Wisteria, commonly known by the name of wisteria, originates from the Far East and more precisely from China and Japan and belongs to the Papilionaceae family.
It is a genus of 10 species of climbing and rustic shrubs.
The distinctive characteristics of the wisteria are the trunk, which winds from the base, twisting and modeling itself on the surfaces and structures placed near the plant, and the blue-violet flowers, gathered in pendulous clusters that reach even the length of 20 -25 cm, with an intense and pleasant scent.
The most favorable periods for planting wisteria are autumn and winter, until March, trying to avoid frosts.
The wisteria is a deciduous climbing plant characterized by fickle woody stems and a beautiful and abundant spring bloom, occasionally followed by a slight repetition in mid-summer. It is therefore considered ideal for covering sunny walls, arches, pergolas or robust palisades.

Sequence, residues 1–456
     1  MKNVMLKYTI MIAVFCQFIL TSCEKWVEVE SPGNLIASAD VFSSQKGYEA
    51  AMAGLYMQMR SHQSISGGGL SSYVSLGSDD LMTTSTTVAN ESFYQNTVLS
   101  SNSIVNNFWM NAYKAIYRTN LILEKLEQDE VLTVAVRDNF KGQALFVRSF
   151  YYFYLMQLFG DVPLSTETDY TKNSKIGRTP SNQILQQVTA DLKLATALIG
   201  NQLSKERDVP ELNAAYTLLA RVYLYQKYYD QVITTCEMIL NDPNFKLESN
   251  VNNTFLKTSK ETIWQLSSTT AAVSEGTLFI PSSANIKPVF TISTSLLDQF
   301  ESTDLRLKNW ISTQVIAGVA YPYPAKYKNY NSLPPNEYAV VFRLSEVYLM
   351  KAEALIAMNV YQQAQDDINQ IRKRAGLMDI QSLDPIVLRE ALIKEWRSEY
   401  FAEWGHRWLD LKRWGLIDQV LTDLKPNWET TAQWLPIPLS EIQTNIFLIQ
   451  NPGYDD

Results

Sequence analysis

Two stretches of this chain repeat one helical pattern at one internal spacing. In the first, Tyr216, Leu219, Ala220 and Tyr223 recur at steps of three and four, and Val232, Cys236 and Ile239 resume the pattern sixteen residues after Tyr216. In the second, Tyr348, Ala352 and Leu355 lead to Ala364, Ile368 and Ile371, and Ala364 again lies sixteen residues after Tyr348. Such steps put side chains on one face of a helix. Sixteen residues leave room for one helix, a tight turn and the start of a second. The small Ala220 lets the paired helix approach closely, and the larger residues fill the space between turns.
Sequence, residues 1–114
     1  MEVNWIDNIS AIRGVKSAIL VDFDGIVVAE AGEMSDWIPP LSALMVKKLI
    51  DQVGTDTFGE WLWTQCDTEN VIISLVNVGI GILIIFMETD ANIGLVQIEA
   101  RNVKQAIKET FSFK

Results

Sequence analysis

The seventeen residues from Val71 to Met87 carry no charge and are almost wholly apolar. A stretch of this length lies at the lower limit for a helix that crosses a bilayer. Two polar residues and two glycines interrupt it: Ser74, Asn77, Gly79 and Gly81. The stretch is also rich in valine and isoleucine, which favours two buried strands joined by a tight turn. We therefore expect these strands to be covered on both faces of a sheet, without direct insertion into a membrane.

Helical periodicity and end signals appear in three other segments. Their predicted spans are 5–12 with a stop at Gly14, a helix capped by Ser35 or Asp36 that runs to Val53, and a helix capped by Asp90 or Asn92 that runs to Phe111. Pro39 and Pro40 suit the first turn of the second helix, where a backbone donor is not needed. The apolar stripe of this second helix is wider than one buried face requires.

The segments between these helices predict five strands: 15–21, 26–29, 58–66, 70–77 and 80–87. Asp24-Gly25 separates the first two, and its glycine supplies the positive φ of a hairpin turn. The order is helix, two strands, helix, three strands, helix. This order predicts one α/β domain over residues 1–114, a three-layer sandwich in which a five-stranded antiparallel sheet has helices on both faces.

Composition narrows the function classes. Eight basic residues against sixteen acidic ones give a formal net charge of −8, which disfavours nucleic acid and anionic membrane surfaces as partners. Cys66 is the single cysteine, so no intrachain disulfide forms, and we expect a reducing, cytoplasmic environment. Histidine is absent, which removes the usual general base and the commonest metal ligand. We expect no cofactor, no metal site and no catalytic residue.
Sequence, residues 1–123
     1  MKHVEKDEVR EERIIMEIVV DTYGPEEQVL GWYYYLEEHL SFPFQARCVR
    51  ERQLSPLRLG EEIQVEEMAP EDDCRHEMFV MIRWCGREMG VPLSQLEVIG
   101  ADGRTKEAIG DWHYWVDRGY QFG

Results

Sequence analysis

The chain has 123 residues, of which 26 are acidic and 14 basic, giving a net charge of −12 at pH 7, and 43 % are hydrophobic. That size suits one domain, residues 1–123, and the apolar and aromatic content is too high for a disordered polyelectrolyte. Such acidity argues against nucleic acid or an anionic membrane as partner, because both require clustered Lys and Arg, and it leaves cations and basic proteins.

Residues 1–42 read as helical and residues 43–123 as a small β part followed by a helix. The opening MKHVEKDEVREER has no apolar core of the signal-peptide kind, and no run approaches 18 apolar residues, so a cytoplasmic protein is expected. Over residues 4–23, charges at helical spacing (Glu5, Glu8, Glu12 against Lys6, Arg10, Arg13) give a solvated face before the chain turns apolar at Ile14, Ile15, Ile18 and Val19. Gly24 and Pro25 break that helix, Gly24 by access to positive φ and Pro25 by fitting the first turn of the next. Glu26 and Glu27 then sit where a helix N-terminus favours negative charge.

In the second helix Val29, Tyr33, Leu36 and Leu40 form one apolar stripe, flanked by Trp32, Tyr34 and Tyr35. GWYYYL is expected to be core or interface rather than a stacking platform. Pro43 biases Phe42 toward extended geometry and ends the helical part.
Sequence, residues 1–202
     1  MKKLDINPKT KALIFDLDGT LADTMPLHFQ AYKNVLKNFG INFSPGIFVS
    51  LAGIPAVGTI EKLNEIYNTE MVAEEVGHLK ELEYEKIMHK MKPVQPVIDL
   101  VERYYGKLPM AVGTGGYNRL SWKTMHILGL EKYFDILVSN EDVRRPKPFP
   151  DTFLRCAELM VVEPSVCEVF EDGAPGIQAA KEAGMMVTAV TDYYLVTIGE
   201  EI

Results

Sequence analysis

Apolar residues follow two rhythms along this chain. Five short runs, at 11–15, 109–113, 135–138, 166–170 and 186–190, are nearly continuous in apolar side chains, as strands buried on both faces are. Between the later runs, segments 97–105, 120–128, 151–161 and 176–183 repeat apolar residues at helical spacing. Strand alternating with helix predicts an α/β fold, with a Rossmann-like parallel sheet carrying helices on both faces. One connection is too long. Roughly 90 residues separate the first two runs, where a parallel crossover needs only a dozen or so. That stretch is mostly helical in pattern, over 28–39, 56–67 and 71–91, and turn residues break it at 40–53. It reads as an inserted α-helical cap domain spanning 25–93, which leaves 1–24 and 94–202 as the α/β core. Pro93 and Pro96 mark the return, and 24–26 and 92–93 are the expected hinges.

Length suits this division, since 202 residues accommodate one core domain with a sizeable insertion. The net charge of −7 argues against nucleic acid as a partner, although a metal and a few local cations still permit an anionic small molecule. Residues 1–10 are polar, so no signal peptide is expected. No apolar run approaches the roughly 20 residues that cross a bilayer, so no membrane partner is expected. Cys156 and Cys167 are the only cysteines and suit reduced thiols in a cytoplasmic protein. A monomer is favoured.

However, it is not very easy to cultivate, especially if we want to obtain excellent results both in growth and in bloom since the early years: a good setting, a specific fertilization and then an accurate and precise pruning is very important.
Wisteria is part of the Fabaceae family and is mainly native to the Far East, particularly China and Japan. There are, however, some less common varieties endemic to the North American continent.
It is an extremely vigorous woody climber that blooms forming clusters up to 40 cm long, generally lilac in color. The leaves are made up of imparipinnate, oval and pointed tips at the apices. The fruits are completely similar to the beans, about 15 cm long.